Innovative approach combines non-invasive brain stimulation, cognitive
TORONTO, May 1, 2014 /CNW/ - The Centre for Addiction and Mental Health
(CAMH) has been awarded the largest-ever grant for Alzheimer's disease
prevention in Canada, for a study which will apply recent advances in
brain science to clinical treatment. The announcement was made by Prime Minister Stephen Harper in Montreal today.
"We're intervening at an earlier stage among people who do not have
Alzheimer's dementia but are at high risk of developing it," says Dr. Benoit H. Mulsant, CAMH Physician-in-Chief and lead investigator of the study. "Our
approach will stimulate neurons in the brain and strengthen cognitive
skills, which we hope will prevent the brain damage associated with
Alzheimer's, and prevent or delay the diagnosis."
Thanks to unprecedented support from the Brain Canada Chagnon Fund of almost $10 million over five years, the research team will be
studying a combination of a painless brain stimulation treatment,
called transcranial Direct Current Stimulation (tDCS), with memory and
problem solving exercises, known as cognitive remediation.
"The treatments we currently have for Alzheimer's dementia are usually
initiated when the patient is diagnosed, at which point the brain is
already damaged," says Dr. Mulsant, "so the treatments don't work very
Two groups of people known to be at high risk of developing Alzheimer's
will be included in the study: 250 older adults with clinical
depression who have been successfully treated with antidepressants, and
125 with mild cognitive impairment (MCI), which is a noticeable decline
in memory and thinking abilities. Individuals will be randomly assigned
to receive this intervention, or a sham or placebo intervention and
their outcomes will be compared for up to five years.
The study is called PACt-MD (Preventing Alzheimer's dementia with Cognitive remediation plus tDCS
in MCI and Depression). PACt-MD will draw participants from five major
Toronto hospitals. In addition to CAMH, Baycrest, St. Michael's
Hospital, Sunnybrook Health Sciences Centre and the University Health
Network are collaborating.
"We believe that this intervention will be more beneficial than the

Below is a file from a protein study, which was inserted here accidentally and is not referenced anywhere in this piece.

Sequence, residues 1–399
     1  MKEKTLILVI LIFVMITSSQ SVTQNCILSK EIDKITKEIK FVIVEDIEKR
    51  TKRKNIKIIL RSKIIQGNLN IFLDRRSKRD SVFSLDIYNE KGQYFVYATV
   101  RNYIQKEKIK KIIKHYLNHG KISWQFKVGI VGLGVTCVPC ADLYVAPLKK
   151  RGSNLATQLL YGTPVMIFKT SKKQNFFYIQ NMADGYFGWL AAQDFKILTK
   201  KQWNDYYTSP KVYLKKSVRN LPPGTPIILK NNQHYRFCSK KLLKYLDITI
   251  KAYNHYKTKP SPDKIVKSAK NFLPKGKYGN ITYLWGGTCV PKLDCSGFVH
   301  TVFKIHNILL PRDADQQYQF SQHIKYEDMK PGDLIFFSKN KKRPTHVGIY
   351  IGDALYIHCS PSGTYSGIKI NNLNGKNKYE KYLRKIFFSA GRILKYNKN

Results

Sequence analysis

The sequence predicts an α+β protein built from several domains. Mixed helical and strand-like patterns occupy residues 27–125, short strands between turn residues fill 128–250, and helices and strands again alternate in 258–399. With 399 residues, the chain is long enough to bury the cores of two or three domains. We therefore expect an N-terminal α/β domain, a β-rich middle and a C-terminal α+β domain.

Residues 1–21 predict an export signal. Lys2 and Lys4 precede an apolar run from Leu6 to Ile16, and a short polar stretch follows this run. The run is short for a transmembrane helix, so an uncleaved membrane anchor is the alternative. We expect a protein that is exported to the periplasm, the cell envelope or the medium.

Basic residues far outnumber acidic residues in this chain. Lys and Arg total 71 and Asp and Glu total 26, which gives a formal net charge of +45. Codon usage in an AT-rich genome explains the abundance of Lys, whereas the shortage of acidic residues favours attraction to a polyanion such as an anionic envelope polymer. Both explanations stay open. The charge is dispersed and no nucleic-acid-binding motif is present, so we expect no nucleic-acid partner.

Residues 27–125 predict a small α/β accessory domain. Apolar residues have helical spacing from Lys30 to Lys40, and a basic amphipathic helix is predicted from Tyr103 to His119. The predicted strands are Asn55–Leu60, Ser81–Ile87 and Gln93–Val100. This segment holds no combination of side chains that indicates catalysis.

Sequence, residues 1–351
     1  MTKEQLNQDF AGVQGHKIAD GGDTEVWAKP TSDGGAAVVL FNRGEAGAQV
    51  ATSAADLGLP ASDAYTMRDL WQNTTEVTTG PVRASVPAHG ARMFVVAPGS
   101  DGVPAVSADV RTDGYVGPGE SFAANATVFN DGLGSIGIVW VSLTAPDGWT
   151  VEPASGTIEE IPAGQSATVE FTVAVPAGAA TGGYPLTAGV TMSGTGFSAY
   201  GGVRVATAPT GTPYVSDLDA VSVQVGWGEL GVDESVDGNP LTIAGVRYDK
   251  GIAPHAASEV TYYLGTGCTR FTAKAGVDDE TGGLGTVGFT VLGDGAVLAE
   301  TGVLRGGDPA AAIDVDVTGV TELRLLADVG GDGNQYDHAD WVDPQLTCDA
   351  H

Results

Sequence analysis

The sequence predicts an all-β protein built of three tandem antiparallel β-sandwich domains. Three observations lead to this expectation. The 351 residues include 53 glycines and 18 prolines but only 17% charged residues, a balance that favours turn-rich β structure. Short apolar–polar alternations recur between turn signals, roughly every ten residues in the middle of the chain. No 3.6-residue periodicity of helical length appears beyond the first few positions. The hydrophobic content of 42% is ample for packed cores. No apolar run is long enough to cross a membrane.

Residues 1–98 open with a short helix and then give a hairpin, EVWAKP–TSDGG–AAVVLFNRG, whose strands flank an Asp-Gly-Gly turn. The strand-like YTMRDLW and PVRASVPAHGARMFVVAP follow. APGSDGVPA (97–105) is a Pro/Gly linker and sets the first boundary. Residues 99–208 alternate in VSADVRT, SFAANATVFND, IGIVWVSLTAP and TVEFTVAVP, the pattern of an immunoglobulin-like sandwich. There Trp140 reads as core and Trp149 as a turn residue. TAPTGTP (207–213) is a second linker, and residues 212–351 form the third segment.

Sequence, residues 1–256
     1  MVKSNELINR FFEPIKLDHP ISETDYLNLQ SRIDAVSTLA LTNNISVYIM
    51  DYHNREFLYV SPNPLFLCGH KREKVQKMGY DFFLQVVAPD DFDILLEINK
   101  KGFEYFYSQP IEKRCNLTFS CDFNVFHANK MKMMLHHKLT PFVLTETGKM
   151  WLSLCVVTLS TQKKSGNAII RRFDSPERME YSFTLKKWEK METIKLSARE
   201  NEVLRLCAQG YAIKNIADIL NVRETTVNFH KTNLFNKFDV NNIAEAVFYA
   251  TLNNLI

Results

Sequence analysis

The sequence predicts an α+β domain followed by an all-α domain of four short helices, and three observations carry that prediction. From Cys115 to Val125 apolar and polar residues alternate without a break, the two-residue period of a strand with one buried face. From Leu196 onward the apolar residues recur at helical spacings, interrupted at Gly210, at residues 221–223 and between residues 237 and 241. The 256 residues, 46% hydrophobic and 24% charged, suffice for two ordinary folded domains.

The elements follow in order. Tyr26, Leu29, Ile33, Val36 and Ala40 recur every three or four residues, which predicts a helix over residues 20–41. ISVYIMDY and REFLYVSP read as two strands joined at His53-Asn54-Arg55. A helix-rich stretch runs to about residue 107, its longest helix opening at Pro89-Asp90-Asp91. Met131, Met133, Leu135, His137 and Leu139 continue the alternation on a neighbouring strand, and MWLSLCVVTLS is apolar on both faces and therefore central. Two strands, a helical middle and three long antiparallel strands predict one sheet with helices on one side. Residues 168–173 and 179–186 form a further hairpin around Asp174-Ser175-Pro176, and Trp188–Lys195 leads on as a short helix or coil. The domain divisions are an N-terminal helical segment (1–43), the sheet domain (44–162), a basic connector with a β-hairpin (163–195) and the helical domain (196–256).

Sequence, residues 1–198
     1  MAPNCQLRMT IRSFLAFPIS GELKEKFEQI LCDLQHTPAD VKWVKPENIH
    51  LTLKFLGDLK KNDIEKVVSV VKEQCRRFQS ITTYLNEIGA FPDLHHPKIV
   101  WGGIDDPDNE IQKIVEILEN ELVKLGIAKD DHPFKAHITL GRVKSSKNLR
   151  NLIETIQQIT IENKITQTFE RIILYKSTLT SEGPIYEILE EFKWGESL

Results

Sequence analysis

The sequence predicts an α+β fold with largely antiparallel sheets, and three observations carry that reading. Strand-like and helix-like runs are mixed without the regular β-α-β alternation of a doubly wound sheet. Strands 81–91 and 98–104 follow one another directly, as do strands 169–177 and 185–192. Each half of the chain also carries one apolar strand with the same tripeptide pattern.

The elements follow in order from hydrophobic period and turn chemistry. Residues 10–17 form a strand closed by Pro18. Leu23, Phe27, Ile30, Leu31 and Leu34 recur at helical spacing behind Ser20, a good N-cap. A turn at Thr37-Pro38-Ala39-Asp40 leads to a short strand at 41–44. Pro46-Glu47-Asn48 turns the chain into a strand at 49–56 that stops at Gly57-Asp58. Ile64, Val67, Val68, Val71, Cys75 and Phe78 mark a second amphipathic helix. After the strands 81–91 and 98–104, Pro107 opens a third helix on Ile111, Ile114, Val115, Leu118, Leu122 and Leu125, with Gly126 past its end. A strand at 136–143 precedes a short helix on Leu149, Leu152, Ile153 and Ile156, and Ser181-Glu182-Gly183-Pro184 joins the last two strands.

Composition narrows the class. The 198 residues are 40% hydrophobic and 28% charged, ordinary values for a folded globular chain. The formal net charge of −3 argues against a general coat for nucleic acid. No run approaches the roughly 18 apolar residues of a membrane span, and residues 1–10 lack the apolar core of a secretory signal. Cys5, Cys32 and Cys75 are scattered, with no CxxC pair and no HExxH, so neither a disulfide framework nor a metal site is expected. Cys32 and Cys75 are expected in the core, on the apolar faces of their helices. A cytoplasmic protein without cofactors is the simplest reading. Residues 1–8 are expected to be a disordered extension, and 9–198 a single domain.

comparison placebo group in acutely improving cognition and then
slowing down its decline over time, and in preventing the onset of
Alzheimer's dementia," says Dr. Tarek Rajji, Chief of Geriatric Psychiatry at CAMH, one of the co-lead
investigators of PACt-MD at CAMH with Dr. Bruce G. Pollock, Vice
In 2011, 747,000 Canadians were living with dementia, and this number is
projected to increase to 1.4 million by 2031. There are a number of
risk factors that can lead to dementia, but not all can be targeted in
prevention efforts. Major depression has been identified as the second
most promising target for studies that try to prevent Alzheimer's,
after lack of physical activity.
PACt-MD also involves a series of lab-based tests involving genetics and
brain imaging to study both genetic factors as well as brain changes
associated with the intervention.
If this combination approach is beneficial in older persons with either
mild cognitive impairment or depression, then it can be further tested
in the general population or in other populations at high risk for
Alzheimer's disease, notes Dr. Mulsant.
The Centre for Addiction and Mental Health (CAMH) is Canada's largest
mental health and addiction teaching hospital, and one of the world's
leading research centres in its field. CAMH combines clinical care,
research, education, policy development and health promotion to help
transform the lives of people affected by mental health and addiction
issues. CAMH is fully affiliated with the University of Toronto, and
is a Pan American Health Organization/World Health Organization
Collaborating Centre. For more information, please visit www.camh.ca.
SOURCE: Centre for Addiction and Mental Health
For further information:
Media contact: Kate Richards, CAMH Media Relations, 416-595-6015; or by email at firstname.lastname@example.org